On the Beat | By Wong Chun Wai

Preyed on by the foreign press

Those supposedly present, Datuk Ibrahim Ali and Tan Sri
Rahim  Thamby Chik, could not recall  such a meeting taking place.

The Straits Times quoted a Malaysian official as saying the purported leaked
document was based  on a transcript which
had been  posted for more than a month on  one of the reformasi websites.

Quoting from the document, the  Business
Times report also said  the circulation
of a national Bahasa Malaysia daily had plunged, a  falsehood perpetuaed by certain  quarters.

The fact is that almost all national newspapers recorded an increase in their
sales since September, as verified by an independent  audit body.

There are many such documents  and
letters, purportedly official, in  the
“disinformation campaign''  against the

Foreign reporters, who do not  verify
their stories either due to  complacency
or sloppiness, are  likely to fall prey
to such lies.

Those familiar with Malaysian  politics
will tell you political discussions, of all level of politicians,  take place almost nightly.

These unofficial chit-chats are  never
minuted, let alone put in formal reports. Often, there is no follow-up to matters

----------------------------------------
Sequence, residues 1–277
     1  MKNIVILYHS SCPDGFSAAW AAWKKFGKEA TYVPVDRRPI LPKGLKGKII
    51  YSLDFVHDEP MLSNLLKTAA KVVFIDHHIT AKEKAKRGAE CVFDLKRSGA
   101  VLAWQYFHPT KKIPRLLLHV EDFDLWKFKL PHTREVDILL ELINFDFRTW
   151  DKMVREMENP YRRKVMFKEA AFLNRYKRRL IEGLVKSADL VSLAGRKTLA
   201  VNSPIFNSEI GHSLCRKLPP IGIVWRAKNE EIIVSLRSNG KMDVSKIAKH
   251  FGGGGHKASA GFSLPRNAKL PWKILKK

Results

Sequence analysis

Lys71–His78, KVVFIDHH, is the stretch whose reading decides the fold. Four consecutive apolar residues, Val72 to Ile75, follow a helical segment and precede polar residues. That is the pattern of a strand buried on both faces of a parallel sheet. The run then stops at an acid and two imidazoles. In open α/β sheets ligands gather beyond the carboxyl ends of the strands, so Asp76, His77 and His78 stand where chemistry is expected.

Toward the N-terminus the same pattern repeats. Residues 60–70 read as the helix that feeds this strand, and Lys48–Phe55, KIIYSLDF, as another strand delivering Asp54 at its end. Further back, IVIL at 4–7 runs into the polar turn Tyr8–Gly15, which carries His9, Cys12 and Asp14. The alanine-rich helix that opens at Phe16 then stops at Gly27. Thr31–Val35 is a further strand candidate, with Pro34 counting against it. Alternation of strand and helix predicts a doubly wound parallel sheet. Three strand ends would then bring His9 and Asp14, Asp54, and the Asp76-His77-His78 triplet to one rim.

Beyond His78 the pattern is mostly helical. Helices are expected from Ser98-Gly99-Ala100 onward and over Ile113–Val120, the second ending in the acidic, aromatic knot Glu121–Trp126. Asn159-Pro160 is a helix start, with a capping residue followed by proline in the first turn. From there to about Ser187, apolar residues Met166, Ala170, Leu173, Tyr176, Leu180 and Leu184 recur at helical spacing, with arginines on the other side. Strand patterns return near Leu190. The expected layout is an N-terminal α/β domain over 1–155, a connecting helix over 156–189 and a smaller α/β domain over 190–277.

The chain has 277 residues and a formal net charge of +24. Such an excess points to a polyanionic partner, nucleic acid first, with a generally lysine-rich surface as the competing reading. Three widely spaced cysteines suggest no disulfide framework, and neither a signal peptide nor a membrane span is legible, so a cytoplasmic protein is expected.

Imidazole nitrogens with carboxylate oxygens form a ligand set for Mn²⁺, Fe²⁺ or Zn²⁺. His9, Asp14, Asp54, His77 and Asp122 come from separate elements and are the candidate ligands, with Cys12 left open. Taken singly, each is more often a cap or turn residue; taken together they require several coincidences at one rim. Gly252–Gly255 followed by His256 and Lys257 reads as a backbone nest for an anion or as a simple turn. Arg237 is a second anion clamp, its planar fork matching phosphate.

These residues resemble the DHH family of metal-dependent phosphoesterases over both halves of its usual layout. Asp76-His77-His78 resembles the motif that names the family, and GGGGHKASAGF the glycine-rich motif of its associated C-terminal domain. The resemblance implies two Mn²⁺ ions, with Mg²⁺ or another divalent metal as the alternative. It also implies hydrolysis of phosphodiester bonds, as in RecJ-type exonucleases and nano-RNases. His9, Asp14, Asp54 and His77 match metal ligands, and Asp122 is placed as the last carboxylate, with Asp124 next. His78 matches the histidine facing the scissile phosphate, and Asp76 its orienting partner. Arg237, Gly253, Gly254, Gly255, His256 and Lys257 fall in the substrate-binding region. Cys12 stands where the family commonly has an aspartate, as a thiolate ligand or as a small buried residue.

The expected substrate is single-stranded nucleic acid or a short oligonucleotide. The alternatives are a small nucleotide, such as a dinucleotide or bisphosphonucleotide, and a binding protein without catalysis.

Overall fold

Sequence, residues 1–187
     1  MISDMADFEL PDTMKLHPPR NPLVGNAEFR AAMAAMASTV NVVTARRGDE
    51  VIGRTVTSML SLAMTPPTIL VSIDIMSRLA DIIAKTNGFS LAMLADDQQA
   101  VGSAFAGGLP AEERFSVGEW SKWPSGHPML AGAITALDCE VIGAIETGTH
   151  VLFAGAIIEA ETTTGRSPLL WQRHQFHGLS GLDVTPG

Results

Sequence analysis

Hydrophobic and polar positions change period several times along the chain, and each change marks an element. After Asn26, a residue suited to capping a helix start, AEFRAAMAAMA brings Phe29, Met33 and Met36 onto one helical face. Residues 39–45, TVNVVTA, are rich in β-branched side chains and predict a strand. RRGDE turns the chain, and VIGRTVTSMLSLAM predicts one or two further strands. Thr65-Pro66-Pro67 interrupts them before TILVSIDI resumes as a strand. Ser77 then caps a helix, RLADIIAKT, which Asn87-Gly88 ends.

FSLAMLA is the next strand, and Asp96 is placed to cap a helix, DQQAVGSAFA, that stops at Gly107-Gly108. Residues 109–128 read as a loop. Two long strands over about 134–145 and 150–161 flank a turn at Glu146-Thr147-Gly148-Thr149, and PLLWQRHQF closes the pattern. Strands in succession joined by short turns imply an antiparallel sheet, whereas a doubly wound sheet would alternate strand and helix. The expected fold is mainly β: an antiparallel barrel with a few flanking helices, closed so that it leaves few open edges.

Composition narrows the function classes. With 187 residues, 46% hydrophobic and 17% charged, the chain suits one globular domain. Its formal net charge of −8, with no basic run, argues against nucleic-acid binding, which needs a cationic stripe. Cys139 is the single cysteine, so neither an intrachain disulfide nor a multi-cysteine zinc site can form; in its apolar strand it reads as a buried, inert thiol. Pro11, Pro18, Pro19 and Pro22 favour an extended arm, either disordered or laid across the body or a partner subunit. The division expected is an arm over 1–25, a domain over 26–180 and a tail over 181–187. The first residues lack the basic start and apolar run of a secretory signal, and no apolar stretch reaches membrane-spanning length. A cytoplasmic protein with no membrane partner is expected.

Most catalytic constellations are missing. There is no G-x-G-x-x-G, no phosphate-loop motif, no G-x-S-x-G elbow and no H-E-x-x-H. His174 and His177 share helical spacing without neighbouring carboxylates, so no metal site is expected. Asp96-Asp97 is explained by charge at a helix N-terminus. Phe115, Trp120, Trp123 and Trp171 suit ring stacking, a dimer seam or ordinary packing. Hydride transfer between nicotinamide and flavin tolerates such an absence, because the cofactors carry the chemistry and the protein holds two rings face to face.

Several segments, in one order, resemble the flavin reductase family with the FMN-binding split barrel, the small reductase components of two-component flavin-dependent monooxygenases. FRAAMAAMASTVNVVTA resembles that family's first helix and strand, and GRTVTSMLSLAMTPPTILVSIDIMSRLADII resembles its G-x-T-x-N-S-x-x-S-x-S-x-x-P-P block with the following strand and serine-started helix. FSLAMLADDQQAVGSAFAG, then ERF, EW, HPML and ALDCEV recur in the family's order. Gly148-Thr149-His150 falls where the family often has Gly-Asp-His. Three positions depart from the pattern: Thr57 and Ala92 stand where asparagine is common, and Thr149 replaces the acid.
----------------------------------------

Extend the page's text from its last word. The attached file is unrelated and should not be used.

Our politicians often do not refute such inaccurate news reports,  preferring to dismiss them.

But the danger of such an approach is that without a denial,  these news items can sometimes  be accepted as true.

It will be better for the leaders  to put
their foot down and insist on  a
clarification or ask for their  stand to
be published.

Last week, some foreign media  took a
hostile reaction towards the  changes in
the Cabinet.

Some implied that the changes  are a
sinister ploy to strengthen  the Prime

There's nothing unusual about  the
changes. No sane leader would  appoint
rivals to key positions. It's  really
stating the obvious.

It is normal to reward loyalists, 
whether in business or in politics.

There have been suggestions  that
Malaysia should consider imposing circulation curbs on the foreign press to
counter negative reporting.

The administration cannot be  blamed if
it suspects the foreign  press of having
a hidden agenda.

For the past 18 months, foreign  reports
have been carrying quotes  and comments
from the same government critics.

The views of these academicians  and
leaders of non-governmental 
organisations are taken as gospel 

Their motives and how representative their views were had never  been questioned.

But we should not just blame the  Western
reporters with their dial a-quote methods and predictions of  riots and a collapse of the Malaysian

Even some Malaysian newsmen  working for
these foreign news  agencies sometimes go
overboard  in running down their own

A human rights activist, unheard  of
until a few months ago, has been 
upgraded to be “a leading opposition dissident'' and a politician  with a record of being rejected in  every election has been labelled as  an opposition leader.

Neither do these reporters point  out
that in multi-religious and  multi-racial
Malaysia, the political  inclination can
be very segmented.

The views of people in Kepong,  Gua
Musang and Sentul can be  very

The foreign media, for example,  must
find out why the majority of  Malaysians